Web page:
Mr Van der Bellen, 78, a former leader of the Greens, has won broad popularity for staying calm during times of national crisis.
They have included the collapse of the government in 2019 and the resignation of chancellor Sebastian Kurz a year ago over corruption allegations, which he denies.
The far-right Freedom Party (FPO) was the only one in parliament to field a candidate against Mr Van der Bellen, who won a much tighter race against an FPO opponent in 2016.
Leaders from all other parties in Parliament backed the president.
The Austrian president performs a largely ceremonial role, but has sweeping powers that mean overseeing periods of transition and turbulence.
The president is the commander in chief of the army and can sack the whole government or the chancellor.
"A majority is easily said, but an absolute majority means more votes than all others combined, and one must take that very seriously," Mr Van der Bellen told national broadcaster ORF.
"I was not at all sure that it would happen but it did, and I am very pleased."
The 78-year-old incumbent received 54.6 per cent support at Sunday’s vote, above the 50 per cent mark needed to avoid a run-off.
The far-right group’s candidate, Walter Rosenkranz, came second with 19.1 per cent of the vote, according to preliminary results that don’t include mail-in ballots. Tassilo Wallentin, a conservative lawyer and columnist, and Dominik Wlazny, a physician founder of the Beer Party, each won about 8 per cent of the vote.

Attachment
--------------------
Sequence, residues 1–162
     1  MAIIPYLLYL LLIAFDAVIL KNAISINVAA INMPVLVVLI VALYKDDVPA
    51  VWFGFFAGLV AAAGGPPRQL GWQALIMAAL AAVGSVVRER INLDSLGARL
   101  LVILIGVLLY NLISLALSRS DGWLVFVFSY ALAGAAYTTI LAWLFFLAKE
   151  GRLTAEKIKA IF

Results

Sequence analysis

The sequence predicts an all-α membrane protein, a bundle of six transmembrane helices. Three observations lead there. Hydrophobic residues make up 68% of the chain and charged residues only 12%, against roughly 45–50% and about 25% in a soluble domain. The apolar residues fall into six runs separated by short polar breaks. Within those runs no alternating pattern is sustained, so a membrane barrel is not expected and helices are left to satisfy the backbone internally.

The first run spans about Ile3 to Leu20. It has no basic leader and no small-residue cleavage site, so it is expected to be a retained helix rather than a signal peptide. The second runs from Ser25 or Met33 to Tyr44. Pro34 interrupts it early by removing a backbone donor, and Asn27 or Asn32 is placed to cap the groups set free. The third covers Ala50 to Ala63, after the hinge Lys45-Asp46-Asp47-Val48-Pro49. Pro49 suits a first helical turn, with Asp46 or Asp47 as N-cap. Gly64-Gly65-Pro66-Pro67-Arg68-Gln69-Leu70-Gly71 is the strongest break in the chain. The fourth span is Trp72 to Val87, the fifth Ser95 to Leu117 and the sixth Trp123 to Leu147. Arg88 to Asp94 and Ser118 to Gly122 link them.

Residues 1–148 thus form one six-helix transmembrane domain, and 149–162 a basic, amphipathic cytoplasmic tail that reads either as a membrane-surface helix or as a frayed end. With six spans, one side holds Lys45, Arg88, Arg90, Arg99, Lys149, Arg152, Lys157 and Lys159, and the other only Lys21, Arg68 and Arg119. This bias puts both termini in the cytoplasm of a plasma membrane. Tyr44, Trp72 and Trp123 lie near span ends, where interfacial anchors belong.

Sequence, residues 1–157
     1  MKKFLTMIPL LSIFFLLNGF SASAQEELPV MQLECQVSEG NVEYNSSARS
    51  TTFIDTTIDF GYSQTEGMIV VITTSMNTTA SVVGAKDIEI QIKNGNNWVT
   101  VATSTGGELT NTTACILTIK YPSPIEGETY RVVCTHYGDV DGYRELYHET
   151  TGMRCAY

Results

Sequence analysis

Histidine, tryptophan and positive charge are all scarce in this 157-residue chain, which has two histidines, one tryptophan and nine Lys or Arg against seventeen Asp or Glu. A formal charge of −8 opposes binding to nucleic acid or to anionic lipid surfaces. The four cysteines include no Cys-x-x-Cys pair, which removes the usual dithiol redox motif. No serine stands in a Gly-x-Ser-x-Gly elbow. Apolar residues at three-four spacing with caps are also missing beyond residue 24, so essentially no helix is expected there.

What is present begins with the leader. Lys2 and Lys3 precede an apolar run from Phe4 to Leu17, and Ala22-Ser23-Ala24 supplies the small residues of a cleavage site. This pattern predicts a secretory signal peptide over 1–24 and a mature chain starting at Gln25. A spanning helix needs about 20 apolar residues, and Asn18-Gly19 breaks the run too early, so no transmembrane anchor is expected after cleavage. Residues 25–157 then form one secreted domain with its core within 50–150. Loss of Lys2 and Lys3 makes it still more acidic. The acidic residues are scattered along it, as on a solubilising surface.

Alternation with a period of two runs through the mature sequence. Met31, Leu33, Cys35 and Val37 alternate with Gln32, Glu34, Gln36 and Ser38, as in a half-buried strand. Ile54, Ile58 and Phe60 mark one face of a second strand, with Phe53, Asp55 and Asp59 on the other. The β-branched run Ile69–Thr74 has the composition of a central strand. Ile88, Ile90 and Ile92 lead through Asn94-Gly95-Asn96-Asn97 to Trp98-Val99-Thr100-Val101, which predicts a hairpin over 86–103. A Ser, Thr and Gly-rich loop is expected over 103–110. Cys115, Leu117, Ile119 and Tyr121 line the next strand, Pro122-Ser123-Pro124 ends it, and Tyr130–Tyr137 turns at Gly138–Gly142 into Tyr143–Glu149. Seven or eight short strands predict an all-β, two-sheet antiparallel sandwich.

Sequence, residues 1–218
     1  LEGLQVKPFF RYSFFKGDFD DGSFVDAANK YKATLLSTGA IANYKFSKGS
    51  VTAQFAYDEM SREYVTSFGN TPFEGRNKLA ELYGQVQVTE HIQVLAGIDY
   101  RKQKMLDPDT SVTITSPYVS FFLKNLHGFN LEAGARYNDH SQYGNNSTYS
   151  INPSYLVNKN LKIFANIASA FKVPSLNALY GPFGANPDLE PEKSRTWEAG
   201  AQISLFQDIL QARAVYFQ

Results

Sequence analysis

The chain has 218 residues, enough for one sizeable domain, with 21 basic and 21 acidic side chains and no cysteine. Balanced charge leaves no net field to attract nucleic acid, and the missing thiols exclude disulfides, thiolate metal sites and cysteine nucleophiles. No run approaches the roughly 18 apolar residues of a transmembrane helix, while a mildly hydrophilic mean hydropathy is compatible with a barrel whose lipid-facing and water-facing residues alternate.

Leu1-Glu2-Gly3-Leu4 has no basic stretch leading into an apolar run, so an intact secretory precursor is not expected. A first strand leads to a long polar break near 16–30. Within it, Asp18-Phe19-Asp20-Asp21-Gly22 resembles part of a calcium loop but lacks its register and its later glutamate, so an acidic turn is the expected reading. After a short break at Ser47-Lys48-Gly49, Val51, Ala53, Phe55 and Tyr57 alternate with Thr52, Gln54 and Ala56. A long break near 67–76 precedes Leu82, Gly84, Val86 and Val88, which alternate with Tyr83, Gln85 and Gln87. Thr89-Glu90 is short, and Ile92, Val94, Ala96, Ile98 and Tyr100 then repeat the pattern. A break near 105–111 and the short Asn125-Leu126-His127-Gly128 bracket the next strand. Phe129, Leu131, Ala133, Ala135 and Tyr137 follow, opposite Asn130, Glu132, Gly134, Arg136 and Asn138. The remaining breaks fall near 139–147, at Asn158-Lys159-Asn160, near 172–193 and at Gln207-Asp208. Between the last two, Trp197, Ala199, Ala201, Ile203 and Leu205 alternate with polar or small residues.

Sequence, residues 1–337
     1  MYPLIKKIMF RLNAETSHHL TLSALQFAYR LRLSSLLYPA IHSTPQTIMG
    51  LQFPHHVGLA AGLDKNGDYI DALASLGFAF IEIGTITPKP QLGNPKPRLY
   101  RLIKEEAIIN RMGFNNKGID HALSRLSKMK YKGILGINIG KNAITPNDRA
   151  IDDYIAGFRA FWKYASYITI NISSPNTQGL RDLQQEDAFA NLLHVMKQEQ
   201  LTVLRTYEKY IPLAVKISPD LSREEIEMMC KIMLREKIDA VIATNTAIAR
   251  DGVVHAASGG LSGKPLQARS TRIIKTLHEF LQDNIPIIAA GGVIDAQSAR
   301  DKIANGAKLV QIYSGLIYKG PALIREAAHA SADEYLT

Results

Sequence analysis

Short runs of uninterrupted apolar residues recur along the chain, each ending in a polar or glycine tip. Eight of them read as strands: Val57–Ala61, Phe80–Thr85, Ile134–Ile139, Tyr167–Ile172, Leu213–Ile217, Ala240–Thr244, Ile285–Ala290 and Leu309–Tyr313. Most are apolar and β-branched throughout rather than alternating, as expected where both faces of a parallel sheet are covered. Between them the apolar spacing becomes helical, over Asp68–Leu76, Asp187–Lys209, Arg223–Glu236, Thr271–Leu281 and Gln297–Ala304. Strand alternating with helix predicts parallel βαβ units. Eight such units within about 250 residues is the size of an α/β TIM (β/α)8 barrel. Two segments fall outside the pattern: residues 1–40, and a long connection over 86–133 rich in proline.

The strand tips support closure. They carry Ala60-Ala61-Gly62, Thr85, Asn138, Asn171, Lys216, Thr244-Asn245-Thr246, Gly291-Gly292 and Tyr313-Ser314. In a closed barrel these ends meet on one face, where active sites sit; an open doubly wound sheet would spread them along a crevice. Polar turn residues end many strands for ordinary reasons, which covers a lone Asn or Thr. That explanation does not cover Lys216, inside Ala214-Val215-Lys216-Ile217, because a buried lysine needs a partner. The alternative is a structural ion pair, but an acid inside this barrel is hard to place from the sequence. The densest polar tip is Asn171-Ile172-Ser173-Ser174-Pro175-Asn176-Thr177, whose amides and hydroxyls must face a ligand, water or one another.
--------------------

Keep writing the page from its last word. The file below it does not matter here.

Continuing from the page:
"Alexander Van der Bellen really managed to ensure in the first round that he will be the next president. I congratulate him on that," Mr Rosenkranz told ORF.
The president has steered Austria through its most turbulent post-World War II political period. He’s overseen the formation or dissolution of six Austrian governments since his 2016 election.
He twice swore in Sebastian Kurz as chancellor, first as Europe’s youngest leader then a second time after a secret video in Ibiza toppled Kurz’s coalition partner.
Scandals have continued to dog Austrian governments since then and Chancellor, Karl Nehammer is struggling to keep a fragile coalition together as support for his People’s Party falters.
“It would be wise for political parties to look at what’s going on abroad,” Van der Bellen said late Sunday on public broadcaster ORF, mentioning the right-wing takeover of Italy as an example. The picture changes from election to election, and while these movements are difficult to control, they can endanger democracy, he said.